It’s January and the days are getting longer rapidly. There is an itch in my feet. My legs are tingling. Summer is approaching! Ok, I do realize that the coldest part of the winter is yet to come. I also realize that the deepest snow cover is usually only realized mid-April. But, the feeling remains the same: it’s time to start with some early-season planning.
First: let’s determine “early season”. I am looking at the period between mid-May and Mid-June. This is a timeframe which is truly off-season. It’s too early for refuges to be open, and too late for winter activities. My eye has fallen on the Vanoise-area for this hike. We plan to start the hike on a wednesday afternoon and return on saturday end of day. This gives us 3,5 days of hiking time. We are quite fit, so should be able to cover 15km per day in alpine terrain.
The Vanoise Area
The Vanoise area is in the French Alps, just south of Bourg Saint Maurice. It’s enclosed by the Tarentaise and Maurienne Valleys and is home to the oldest French National Parc. This parc crosses into Italy as it’s connected to the Italian Gran Paradiso National Park. Below is the map, as a screenshot from Google Maps and with the added red-lined area which is called broadly “Vanoise”. The National Park is considerably smaller and is located in the east of the area.
The Vanoise area is extremely popular: it might be the Number 1 destination of France after Paris. Why? Basically it holds most of the French high-altitude ski-resorts: Val Thorens, Courchevel, Meribel (Trois Vallées), Les Arcs, La Plagne (Paradiski), Tignes (Espace Killy), Val d’Isere (Espace Killy). It’s all here (broadly in the yellow lines below).
When planning the trip, this is something we need to consider: ski resorts are to be avoided. Not necessarily because it’s too busy or because of the lifts. In fact, lifts sometimes come in handy. But ski slopes are coved with artificial snow, and this snow can persevere into the spring season, leading to unnecessary crossings of snow fields. This isn’t dangerous, but it isn’t fun either. The snow gets sloppy and wet and slows us down.
Another thing to avoid is high alpine cols or mountain passes. Underneath in purple the area above 2000 meter. This 2000 meter is more or less arbitrary; yet it isn’t. It’s the altitude where until now there is hardly any snow cover. This reduces the chance of snow fields in the early hiking season. However, when going higher, the snow level will increase significantly as the snow is present there already since November and is very compact. Above 3000 meters, the snow cover is persisting since September.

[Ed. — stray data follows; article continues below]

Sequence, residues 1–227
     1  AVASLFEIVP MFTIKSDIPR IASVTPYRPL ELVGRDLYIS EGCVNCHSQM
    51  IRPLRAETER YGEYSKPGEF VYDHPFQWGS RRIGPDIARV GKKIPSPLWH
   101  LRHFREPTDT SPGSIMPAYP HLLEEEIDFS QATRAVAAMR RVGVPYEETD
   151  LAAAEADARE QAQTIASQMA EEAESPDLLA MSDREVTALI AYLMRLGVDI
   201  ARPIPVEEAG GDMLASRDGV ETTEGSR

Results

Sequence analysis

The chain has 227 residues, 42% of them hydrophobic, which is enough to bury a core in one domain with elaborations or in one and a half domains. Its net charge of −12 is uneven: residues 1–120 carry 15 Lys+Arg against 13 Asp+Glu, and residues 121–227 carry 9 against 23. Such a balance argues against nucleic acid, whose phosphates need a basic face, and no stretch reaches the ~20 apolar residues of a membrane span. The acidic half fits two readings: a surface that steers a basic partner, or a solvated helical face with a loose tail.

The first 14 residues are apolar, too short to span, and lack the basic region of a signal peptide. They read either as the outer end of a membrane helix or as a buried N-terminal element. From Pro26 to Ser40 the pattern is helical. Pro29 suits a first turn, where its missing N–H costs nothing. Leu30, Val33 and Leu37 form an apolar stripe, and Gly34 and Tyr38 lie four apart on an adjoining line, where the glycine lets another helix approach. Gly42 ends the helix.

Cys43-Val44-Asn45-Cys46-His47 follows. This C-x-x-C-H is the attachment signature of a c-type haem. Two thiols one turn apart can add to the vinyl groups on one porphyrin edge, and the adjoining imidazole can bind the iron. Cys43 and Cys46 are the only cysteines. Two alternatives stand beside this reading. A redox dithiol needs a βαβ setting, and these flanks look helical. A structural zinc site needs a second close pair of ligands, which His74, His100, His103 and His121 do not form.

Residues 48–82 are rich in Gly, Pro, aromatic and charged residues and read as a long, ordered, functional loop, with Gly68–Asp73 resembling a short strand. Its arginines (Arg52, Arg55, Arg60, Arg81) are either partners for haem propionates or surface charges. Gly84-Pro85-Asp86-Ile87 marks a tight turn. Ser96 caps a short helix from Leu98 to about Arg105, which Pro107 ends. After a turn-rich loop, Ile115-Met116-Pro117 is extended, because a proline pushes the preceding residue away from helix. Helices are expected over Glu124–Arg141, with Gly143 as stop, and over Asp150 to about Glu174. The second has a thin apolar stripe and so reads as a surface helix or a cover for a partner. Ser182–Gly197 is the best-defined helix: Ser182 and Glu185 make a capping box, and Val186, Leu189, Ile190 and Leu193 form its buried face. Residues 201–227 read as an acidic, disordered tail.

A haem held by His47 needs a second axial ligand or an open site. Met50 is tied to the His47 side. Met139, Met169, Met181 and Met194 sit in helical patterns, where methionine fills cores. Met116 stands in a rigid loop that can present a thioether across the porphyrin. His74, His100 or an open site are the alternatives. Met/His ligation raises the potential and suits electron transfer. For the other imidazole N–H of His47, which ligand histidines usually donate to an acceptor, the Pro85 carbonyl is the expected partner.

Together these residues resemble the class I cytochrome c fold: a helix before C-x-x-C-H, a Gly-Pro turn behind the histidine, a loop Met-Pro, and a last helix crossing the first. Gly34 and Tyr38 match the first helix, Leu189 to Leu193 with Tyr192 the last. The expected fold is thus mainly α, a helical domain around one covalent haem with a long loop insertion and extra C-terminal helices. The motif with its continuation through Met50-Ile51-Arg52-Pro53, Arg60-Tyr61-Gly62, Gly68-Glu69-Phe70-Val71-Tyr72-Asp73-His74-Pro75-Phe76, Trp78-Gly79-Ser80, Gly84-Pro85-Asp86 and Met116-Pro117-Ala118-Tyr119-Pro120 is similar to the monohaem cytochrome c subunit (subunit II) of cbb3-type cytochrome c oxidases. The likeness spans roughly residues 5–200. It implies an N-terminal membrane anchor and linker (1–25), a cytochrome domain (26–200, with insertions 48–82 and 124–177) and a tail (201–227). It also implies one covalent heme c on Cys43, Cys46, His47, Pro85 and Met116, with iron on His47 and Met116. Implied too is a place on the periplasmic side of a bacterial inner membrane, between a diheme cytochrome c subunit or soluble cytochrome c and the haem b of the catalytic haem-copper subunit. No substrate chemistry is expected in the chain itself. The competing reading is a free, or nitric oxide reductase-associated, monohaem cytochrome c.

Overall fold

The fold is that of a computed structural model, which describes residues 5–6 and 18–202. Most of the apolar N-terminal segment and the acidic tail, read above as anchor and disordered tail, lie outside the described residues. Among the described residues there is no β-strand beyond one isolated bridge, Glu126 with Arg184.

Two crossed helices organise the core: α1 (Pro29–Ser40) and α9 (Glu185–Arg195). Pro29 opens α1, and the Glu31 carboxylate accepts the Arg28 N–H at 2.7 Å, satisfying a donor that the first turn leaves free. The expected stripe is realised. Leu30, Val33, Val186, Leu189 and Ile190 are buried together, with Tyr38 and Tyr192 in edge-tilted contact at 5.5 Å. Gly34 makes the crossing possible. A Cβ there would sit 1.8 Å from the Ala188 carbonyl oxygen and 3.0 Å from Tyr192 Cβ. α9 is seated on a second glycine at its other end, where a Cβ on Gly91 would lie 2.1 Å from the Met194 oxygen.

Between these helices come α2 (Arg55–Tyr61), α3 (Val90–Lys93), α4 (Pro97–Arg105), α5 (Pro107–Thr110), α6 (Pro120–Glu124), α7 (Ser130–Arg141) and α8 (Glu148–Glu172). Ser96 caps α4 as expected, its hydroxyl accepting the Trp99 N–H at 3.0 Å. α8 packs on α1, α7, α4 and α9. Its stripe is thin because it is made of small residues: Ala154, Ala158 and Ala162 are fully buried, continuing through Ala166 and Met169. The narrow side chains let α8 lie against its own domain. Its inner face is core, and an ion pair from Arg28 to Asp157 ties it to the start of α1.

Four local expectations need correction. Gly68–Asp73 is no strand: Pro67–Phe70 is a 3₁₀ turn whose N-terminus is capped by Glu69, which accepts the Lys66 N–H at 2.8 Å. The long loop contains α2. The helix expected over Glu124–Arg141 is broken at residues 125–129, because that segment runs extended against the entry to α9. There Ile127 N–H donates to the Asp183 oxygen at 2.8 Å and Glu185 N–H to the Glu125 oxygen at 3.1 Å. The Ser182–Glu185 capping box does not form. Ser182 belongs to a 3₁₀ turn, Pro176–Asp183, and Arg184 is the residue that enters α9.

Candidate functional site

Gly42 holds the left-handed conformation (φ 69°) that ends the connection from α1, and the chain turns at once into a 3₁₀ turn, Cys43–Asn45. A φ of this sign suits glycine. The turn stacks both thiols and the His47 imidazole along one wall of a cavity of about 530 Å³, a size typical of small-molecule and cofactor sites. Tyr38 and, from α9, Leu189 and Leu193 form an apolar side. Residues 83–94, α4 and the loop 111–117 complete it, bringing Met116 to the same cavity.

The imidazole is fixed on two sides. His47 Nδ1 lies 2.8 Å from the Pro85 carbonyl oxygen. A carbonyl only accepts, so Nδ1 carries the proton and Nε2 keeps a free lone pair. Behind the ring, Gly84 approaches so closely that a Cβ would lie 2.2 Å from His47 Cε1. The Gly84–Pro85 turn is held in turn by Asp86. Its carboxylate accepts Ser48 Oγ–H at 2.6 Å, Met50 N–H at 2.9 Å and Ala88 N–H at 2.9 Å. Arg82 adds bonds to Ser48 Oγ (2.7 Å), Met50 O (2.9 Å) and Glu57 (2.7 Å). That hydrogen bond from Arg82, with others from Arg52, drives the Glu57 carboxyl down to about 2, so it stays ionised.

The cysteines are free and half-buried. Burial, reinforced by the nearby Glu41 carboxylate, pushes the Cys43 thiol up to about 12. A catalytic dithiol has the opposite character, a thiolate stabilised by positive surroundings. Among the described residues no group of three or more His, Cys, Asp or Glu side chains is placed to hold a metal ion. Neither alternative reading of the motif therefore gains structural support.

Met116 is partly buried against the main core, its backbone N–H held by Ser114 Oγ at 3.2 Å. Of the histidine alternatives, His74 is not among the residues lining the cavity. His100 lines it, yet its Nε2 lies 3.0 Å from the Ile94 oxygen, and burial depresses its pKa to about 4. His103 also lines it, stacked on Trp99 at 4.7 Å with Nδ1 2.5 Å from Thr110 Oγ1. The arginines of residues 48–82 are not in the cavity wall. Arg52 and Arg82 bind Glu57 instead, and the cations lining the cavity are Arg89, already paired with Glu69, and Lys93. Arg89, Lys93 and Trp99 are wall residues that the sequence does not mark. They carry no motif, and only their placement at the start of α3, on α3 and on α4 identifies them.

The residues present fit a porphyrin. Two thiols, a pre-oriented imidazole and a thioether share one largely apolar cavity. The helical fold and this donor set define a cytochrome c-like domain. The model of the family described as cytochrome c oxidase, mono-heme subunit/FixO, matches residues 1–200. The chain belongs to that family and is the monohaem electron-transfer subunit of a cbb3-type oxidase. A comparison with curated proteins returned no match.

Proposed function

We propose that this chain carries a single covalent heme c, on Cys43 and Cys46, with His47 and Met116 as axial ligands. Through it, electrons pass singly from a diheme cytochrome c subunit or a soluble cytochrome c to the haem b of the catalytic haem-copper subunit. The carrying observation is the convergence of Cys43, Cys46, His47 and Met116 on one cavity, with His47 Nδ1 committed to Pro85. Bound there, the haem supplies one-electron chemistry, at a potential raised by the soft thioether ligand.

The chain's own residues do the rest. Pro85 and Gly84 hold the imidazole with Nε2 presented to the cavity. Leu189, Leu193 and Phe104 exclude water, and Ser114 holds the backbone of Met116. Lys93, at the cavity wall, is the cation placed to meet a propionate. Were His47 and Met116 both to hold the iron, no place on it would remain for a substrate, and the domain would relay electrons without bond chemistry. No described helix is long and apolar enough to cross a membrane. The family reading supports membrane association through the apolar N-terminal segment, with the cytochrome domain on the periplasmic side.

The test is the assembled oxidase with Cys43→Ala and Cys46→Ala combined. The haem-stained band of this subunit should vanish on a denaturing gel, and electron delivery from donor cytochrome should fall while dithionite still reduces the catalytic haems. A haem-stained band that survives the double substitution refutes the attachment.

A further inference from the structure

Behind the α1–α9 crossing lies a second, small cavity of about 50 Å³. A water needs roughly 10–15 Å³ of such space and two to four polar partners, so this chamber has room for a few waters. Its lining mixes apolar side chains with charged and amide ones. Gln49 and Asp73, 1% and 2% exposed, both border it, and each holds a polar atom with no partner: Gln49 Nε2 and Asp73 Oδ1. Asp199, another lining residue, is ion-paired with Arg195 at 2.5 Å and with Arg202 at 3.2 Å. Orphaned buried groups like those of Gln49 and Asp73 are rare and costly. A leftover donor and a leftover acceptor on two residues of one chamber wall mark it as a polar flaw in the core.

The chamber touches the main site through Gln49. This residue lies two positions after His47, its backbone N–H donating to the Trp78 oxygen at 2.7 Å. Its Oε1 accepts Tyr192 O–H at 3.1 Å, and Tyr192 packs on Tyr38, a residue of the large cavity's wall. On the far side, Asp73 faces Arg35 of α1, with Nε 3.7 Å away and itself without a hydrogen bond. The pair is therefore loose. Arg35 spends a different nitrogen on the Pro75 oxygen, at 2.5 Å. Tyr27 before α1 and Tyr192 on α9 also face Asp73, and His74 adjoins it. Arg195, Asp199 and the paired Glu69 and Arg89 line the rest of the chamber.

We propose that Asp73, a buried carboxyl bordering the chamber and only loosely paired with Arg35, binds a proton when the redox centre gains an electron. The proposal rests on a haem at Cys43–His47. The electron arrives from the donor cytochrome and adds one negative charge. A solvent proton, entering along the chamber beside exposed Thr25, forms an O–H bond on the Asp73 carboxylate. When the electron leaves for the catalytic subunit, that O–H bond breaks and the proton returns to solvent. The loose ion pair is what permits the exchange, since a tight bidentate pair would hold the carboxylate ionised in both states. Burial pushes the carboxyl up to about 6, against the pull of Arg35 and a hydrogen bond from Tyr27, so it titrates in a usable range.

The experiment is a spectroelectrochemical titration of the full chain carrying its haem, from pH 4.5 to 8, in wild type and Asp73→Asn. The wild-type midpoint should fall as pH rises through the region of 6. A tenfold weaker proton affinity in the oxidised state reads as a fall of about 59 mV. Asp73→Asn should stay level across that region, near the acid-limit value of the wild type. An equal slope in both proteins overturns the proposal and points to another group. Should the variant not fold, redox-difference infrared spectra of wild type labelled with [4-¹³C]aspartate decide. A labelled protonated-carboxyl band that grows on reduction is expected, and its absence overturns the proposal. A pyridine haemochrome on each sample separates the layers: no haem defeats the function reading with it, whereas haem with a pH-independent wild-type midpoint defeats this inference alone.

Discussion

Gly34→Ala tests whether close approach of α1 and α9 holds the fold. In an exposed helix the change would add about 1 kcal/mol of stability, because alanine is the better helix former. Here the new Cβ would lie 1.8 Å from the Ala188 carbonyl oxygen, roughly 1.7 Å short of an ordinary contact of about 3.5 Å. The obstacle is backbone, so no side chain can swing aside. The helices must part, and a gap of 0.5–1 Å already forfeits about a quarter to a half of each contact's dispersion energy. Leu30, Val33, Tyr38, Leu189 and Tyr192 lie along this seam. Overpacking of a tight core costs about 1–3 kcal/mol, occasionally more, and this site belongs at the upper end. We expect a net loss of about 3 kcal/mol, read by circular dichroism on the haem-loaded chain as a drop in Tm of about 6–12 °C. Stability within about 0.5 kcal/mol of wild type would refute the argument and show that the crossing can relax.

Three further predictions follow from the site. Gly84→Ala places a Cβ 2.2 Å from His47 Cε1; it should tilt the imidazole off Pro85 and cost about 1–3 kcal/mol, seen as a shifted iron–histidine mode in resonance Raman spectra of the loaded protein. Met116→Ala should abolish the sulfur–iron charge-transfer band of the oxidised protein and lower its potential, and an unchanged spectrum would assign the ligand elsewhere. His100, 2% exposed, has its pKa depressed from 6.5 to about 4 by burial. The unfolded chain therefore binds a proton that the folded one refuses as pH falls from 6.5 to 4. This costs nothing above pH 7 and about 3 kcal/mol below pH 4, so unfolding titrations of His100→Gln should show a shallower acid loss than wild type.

As you can see: there are not that many options available with sufficient long trekking opportunities (for multiple days) without going into high alpine terrain (which sounds like an oxymoron anyway, when planning a mountaineous trip).
Time for a closer look
With the above in mind, we can identify an area which is mostly free of ski-slopes. Yet, could be high-alpine:
For a better look and planning, Google Maps is insufficient. It’s only a first selection tool to eliminate options. Not to chose routes. The above area is covered by 3 different maps: IGN 3532ET, 3534OT and 3633ET (all for sale at local stores).
From these maps, I’ve taken the routes and plotted these below. There are a few starting points: on the north side from the Peisy-Nancroix Valley. On the east-side, at the Tignes reservoir or from Val d’Isere and on the west side from Champagny en Vanoise or Pralognan.
Although all of these routes are beautiful, one thing stands out: the potential circle you can make around the Grande Casse and Grande Motte. There are a few things to consider though:
- Camping and bivouac is forbidden in the National Park (which is the complete area, more or less, except the ski slopes). Most if not all refuges will be closed.
- Altitude versus season. Most of the above is >2000 meter and considerable parts are >2500m.
- It’s 63kms (roughly) with a 3500m descend and ascend.
The above route looks beautiful, and depending on the rest of the winter season, even plausible. Yes, some parts are in very high terrain. However, that’s mostly on the south side which is more exposed to the sun and should have considerably less snow cover.
Let’s start the training and preparations!